Jeremy Paxman feels ‘beaten and dejected’ because of Parkinson’s disease


In the one-off documentary, Paxman: Putting Up with Parkinson’s, the British journalist learns more about the condition and reflects on how it is impacting his life. In a solemn moment on the ITV special, Paxman said: “I’m beaten and dejected.” The 72-year-old, who was given the formal diagnosis 18 months ago, says Parkinson’s disease is “frustrating”.

There is no cure for the condition and, over time, the condition will get worse.

Committing to physiotherapy, and taking medication, is key to maintaining a person’s capabilities for as long as possible.

Visiting Sharon Osbourne, whose husband – Ozzy Osbourne – also has Parkinson’s, Jeremy asks if there’s anything positive that can come of the disease.

Sharon replied that her family now spend “so much more [time] together”, even if every time she looks at her husband, her “heart breaks for him”.

Jeremy is disheartened about his Parkinson’s diagnosis

CBD is found in the Cannabis sativa plant, which has shown initial promising results in alleviating disturbing dreams for people who have Parkinson’s disease.

Markedly disheartened by the reality that Parkinson’s doesn’t get better, Paxman is seemingly underwhelmed that a cure has not yet been found.

At present, the NHS states that people who have Parkinson’s are initially prescribed mediation called levodopa.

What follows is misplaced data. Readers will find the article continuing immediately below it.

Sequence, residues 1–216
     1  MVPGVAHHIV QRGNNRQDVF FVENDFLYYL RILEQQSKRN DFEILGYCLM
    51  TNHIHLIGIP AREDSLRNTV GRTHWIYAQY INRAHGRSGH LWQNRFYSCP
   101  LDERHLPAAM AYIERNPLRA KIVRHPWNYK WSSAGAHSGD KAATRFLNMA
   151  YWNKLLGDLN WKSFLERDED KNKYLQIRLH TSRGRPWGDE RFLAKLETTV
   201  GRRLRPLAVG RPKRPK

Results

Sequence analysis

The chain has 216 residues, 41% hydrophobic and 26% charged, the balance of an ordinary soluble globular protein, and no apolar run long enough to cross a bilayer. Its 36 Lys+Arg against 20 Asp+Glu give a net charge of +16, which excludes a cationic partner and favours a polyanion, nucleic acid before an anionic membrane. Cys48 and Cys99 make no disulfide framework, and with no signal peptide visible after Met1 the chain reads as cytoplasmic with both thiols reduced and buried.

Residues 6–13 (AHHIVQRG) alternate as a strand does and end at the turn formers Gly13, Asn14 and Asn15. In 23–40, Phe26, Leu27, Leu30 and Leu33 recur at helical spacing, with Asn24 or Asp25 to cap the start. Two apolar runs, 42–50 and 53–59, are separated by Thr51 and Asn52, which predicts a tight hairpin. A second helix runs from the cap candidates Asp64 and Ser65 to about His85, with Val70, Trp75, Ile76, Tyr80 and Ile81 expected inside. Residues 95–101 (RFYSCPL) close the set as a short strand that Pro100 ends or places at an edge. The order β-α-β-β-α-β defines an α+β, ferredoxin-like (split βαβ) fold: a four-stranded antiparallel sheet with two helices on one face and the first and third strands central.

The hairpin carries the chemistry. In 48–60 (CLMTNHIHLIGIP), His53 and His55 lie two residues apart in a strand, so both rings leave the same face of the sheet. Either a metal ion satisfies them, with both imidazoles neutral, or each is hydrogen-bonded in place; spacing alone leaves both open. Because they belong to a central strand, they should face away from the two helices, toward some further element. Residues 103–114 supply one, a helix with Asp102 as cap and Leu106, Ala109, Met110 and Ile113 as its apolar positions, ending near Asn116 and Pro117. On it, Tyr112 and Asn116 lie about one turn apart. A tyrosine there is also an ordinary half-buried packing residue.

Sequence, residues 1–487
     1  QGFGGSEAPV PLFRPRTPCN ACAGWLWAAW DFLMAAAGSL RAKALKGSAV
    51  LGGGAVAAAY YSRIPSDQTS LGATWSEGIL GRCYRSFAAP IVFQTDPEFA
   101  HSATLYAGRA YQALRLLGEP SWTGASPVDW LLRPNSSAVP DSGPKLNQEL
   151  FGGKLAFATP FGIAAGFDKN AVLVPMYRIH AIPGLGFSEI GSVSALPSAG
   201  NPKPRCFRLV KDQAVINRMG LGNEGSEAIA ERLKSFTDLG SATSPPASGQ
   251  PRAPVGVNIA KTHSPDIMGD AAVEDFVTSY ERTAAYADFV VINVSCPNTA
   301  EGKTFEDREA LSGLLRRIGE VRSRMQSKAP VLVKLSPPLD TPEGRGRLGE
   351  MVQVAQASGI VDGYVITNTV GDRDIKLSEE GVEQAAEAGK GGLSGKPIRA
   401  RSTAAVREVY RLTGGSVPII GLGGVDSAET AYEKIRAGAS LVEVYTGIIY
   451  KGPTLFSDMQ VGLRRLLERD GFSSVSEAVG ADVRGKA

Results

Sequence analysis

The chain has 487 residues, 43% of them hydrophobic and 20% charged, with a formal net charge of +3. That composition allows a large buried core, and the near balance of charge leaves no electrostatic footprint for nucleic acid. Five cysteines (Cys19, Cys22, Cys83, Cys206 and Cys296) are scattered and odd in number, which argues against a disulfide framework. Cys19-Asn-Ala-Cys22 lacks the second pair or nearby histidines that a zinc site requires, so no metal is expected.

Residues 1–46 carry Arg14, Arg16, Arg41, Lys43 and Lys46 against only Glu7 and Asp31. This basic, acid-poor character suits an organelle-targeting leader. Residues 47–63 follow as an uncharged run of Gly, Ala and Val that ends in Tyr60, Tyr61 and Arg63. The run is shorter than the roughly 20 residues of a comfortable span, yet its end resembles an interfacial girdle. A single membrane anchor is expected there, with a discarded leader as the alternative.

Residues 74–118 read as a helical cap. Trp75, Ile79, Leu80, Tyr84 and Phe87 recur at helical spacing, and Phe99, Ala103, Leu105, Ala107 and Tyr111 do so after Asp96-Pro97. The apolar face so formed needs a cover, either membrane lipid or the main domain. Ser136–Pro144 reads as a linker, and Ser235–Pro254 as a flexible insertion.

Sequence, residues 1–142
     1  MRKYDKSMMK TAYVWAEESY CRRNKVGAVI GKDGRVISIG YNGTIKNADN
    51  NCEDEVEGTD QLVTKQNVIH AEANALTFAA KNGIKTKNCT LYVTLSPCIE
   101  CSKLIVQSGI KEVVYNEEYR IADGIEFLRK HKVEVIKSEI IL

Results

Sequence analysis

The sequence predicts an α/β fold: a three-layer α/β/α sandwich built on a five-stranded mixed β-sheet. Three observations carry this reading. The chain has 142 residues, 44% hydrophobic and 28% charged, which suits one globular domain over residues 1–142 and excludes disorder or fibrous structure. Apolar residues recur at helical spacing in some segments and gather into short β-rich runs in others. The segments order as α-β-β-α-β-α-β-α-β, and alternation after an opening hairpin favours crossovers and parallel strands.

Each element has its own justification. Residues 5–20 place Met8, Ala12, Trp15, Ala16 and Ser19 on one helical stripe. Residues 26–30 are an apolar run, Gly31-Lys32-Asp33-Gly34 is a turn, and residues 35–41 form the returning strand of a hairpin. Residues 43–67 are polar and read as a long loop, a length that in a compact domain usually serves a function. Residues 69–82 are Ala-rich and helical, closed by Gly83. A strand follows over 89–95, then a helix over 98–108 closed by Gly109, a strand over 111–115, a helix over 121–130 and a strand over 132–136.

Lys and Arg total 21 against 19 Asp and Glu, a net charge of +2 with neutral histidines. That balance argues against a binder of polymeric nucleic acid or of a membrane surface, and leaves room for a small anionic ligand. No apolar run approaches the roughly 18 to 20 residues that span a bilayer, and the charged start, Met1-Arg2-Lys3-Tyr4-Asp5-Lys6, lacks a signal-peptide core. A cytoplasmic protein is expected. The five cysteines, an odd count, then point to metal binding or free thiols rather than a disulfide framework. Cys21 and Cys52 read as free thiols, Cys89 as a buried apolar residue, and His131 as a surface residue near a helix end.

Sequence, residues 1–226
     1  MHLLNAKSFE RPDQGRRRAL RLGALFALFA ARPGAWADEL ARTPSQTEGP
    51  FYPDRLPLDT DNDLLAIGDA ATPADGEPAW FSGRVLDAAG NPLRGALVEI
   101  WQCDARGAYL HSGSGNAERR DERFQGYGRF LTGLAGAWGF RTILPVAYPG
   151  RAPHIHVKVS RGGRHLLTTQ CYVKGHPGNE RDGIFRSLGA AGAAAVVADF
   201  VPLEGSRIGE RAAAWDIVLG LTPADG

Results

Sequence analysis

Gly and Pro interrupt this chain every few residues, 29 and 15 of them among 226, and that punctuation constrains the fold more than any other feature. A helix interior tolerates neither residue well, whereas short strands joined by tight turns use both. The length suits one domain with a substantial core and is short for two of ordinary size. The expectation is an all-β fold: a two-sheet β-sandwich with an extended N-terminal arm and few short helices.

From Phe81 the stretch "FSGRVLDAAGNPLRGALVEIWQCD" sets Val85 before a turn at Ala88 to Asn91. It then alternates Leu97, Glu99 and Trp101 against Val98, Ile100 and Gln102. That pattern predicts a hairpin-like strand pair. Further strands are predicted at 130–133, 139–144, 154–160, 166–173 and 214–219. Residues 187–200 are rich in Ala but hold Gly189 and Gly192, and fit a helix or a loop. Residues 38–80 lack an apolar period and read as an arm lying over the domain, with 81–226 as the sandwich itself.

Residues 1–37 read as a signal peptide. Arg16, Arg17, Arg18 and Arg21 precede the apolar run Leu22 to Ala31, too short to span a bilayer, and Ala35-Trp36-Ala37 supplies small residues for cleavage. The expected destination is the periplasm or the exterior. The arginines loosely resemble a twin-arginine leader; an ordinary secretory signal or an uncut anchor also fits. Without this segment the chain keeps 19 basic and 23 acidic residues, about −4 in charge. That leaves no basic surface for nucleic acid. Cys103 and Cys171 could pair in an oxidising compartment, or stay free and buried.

“Levodopa is absorbed by the nerve cells in your brain and turned into the chemical dopamine,” the NHS explains.

The chemical dopamine is then “used to transmit messages between the parts of the brain and nerves that control movement”.

Despite medication, people with Parkinson’s will “eventually have to adapt” to a different way of performing “simple everyday tasks”.

Regular exercise is encouraged to help relieve muscle stiffness, stress, and to help improve mood.

What is Parkinson’s disease?

The NHS says a loss of nerve cells in the brain leads to symptoms of Parkinson’s disease.

Symptoms include involuntary tremors, slowness of movement, and muscle stiffness.

In the documentary, research suggests that Parkinson’s is a metabolic disorder linked to the gut.

More funding for research charities, such as Parkinson’s UK, is needed to develop new treatments and to understand risk factors associated with the condition.



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